Australia great Steve Waugh believes England should forget about an international recall for Kevin Pietersen because he is not worth a place in the current Test side.
South Africa-born Pietersen has not played for England since controversially being axed last year following the team's 5-0 Ashes thrashing in Australia. But the 34-year-old batsman has repeatedly insisted he wants to force his way back into the England set-up.
Paul Downton, who as England and Wales Cricket Board managing director played a key role in sending Pietersen into the international wilderness, was recently forced out of his position by new chiefs at Lord's.
And incoming ECB chairman Colin Graves has suggested Pietersen could muscle his way back into the England set-up if he scored enough runs in the County Championship.
Last week Pietersen, who has re-signed with Surrey rather than play in the Twenty20 Indian Premier League, got tongues wagging with an innings of 170, albeit in a match against Oxford students that wasn't a first-class fixture.
His return to Championship for the first time since June 2013 was rather less dramatic, with Pietersen out for 19 on Sunday in Surrey's ongoing Second Division match away to Glamorgan in Cardiff — the venue for this year's first Ashes Test in July.
Pietersen, England's all-time leading run-scorer in all international formats has an impressive Test record of 8,181 runs at 47.28 with 23 hundreds but Waugh said the team needed to look to the future.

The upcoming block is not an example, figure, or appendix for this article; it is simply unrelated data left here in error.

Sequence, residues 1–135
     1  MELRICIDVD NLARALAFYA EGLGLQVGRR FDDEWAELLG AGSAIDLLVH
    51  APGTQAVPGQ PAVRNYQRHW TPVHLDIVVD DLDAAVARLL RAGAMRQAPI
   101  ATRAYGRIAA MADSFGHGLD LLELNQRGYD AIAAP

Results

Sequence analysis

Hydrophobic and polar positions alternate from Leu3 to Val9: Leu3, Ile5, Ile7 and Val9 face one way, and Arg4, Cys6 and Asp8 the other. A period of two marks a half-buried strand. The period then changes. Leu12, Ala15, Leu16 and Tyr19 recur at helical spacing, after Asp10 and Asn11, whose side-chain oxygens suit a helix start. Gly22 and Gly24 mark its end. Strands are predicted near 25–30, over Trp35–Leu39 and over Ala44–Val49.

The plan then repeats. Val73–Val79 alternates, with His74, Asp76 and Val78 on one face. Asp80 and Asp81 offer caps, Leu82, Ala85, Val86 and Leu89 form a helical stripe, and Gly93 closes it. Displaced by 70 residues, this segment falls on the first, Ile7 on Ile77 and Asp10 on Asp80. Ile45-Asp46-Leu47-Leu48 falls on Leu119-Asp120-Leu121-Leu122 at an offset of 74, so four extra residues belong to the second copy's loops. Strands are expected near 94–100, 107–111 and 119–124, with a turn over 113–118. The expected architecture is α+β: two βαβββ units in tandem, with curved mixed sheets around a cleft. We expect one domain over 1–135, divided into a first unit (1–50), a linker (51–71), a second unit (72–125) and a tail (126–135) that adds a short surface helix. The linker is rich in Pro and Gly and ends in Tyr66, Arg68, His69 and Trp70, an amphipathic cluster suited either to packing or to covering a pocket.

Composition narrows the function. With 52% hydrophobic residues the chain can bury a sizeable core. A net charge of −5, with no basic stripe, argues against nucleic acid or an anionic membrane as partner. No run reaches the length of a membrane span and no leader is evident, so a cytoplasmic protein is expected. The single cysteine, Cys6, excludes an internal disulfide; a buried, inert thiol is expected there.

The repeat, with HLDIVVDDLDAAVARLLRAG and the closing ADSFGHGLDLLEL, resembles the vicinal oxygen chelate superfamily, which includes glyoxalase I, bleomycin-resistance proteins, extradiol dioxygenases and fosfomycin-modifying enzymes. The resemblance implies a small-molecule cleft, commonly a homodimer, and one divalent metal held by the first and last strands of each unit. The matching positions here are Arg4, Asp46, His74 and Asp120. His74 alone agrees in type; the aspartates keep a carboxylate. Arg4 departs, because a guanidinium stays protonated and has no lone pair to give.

"England have got to make a clean break and look forward to the future," said Waugh in quotes published by Britain's Daily Mirror newspaper on Monday. "Sometimes you have to have short-term pain to get the long-term gain.
"I don't think he's a great player right now. Setting aside all the other things, I don't think his form warranted a spot in the England side. He may have been a great player but I wouldn't class him as one now."
Waugh, who led a hugely successful Australia Test side from 1999-2004, also said former England captain Pietersen's history of off-field rows, including the fall-out last year from the publication of his incendiary autobiography, had to be taken into account.
"First, he has to be one of the best six batsmen in the country, which he's not," Waugh said. "Then is he right for the current set-up?
"Does he fit in how the team is moving forward? Can he work with the captain and other players? Obviously there have been some issues. That's part of the reason why he's not there now.
"Unless he's changed as a person and a personality — and that's hard to do — I don't know how you go back to what happened before.
"The number one thing is you've got to respect each other. Once this stops you're in real trouble," Waugh added. "And I think that's probably happened over the past couple of years."